open
Pronunciation
  • (RP) enPR: ō'pən, IPA: /ˈəʊ.pən/
  • (America) enPR: ō'pən, IPA: /ˈoʊ.pən/
Adjective

open

  1. (not comparable) Not closed
    1. able to be accessed
    2. able to have something pass through or along it.
      Turn left after the second open door.
      • 1908, Kenneth Grahame, The Wind in the Willows, Chapter 2
        The open road, the dusty highway […]
    3. (of a body part) not covered, showing what is inside
      It was as if his body had gone to sleep standing up and with his eyes open.
  2. Not physically drawn together, closed, folded or contracted; extended
    an open hand; an open flower
    • Each, with open arms, embraced her chosen knight.
  3. (not comparable) Actively conducting or prepared to conduct business.
    Banks are not open on bank holidays.
  4. (comparable) Receptive.
    I am open to new ideas.
    • 1611, The Holy Bible, […] (King James Version), imprinted at London: By Robert Barker, […], OCLC 964384981 ↗, Acts 19:38 ↗:
      Wherefore if Demetrius […] have a matter against any man, the law is open and there are deputies.
    • c. 1596–1599, William Shakespeare, “The Second Part of Henry the Fourth, […]”, in Mr. William Shakespeares Comedies, Histories, & Tragedies: Published According to the True Originall Copies (First Folio), London: Printed by Isaac Iaggard, and Ed[ward] Blount, published 1623, OCLC 606515358 ↗, [Act V, scene ii]:
      The service that I truly did his life, / Hath left me open to all injuries.
  5. (not comparable) Public
    He published an open letter to the governor on a full page of the New York Times.
    • c. 1597, William Shakespeare, “The Merry VViues of VVindsor”, in Mr. William Shakespeares Comedies, Histories, & Tragedies: Published According to the True Originall Copies (First Folio), London: Printed by Isaac Iaggard, and Ed[ward] Blount, published 1623, OCLC 606515358 ↗, [Act I, scene iii]:
      His thefts were too open.
    • 1667, John Milton, “Book III”, in Paradise Lost. A Poem Written in Ten Books, London: Printed [by Samuel Simmons], and are to be sold by Peter Parker […] [a]nd by Robert Boulter […] [a]nd Matthias Walker, […], OCLC 228722708 ↗; republished as Paradise Lost in Ten Books: The Text Exactly Reproduced from the First Edition of 1667: […], London: Basil Montagu Pickering […], 1873, OCLC 230729554 ↗:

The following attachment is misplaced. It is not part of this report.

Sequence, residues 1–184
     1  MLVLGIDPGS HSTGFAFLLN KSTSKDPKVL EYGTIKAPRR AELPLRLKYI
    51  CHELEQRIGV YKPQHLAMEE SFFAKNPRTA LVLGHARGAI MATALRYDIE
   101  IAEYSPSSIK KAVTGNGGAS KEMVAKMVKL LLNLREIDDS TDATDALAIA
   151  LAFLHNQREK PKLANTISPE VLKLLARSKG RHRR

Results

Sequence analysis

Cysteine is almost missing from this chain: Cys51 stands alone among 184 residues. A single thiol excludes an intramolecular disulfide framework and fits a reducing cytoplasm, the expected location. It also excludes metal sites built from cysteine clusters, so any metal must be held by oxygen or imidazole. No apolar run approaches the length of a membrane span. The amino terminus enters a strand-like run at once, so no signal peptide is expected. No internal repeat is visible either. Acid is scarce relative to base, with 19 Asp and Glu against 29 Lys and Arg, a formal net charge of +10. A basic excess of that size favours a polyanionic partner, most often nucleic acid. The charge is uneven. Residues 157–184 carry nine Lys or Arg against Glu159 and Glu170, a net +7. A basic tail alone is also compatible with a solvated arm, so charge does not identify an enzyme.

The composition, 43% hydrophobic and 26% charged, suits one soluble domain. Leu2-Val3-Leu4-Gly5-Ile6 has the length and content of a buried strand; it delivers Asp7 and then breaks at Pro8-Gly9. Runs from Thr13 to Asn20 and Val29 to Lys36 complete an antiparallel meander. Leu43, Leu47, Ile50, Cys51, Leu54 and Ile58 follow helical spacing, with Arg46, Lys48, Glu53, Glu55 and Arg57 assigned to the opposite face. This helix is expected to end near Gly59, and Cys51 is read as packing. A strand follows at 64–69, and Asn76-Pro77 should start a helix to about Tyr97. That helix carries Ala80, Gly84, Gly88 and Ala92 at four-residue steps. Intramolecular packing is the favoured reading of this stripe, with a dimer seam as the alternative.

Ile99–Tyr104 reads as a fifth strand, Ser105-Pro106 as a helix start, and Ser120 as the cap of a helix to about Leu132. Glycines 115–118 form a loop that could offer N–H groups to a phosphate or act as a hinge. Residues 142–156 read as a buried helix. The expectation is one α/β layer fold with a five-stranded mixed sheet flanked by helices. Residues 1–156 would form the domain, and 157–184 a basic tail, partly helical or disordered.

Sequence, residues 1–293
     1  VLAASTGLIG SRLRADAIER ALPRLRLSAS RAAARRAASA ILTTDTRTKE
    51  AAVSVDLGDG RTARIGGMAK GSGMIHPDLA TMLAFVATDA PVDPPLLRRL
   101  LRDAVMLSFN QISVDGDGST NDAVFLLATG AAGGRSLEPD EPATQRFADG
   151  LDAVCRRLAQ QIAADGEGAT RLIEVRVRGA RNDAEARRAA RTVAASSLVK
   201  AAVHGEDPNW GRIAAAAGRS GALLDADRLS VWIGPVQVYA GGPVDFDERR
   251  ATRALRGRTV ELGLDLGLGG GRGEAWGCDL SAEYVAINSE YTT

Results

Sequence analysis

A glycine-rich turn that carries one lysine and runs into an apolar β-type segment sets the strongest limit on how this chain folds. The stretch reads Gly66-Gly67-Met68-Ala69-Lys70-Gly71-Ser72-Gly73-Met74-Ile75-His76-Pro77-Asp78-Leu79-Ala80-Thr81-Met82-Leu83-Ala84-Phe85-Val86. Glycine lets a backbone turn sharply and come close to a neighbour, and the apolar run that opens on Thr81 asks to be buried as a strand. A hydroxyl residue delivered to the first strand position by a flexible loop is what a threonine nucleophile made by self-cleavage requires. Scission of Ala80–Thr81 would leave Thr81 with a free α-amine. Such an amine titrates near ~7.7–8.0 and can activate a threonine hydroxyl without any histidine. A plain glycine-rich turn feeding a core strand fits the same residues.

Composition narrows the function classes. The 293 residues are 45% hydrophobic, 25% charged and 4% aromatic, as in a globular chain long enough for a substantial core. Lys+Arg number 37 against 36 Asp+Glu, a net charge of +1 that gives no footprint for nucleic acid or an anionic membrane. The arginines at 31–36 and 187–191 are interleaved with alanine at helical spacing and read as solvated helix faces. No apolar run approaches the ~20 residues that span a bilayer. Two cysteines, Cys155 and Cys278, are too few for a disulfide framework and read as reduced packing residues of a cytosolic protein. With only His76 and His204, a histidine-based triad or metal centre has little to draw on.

That I may find him, and with secret gaze / Or open admiration him behold.
  6. (not comparable) Candid, ingenuous, not subtle in character.
    The man is an open book.
    • 1731-1735, Alexander Pope, Moral Essays
      with aspect open, shall erect his head
    • c. 1603–1604, William Shakespeare, “The Tragedie of Othello, the Moore of Venice”, in Mr. William Shakespeares Comedies, Histories, & Tragedies: Published According to the True Originall Copies (First Folio), London: Printed by Isaac Iaggard, and Ed[ward] Blount, published 1623, OCLC 606515358 ↗, [Act I, scene iii]:
      The Moor is of a free and open nature.
    • 1705 (revised 1718), Joseph Addison, Remarks on Several Parts of Italy
      The French are always open, familiar, and talkative.
  7. (mathematics, logic, of a formula) Having a free variable.
  8. (mathematics, topology, of a set) Which is part of a predefined collection of subsets of X, that defines a topological space on X.
  9. (graph theory, of a walk) Whose first and last vertices are different.
  10. (computing, not comparable, of a file, document, etc.) In current use; mapped to part of memory.
    I couldn't save my changes because another user had the same file open.
  11. (business) Not fulfilled.
    I've got open orders for as many containers of red durum as you can get me.
  12. Not settled or adjusted; not decided or determined; not closed or withdrawn from consideration.
    an open question
    to keep an offer or opportunity open
    your account will remain open until we receive final settlement.
  13. (music, stringed instruments) Of a note, played without pressing the string against the fingerboard.
  14. (music, wind instruments) Of a note, played without closing any finger-hole, key or valve.
  15. Not of a quality to prevent communication, as by closing waterways, blocking roads, etc.; hence, not frosty or inclement; mild; used of the weather or the climate.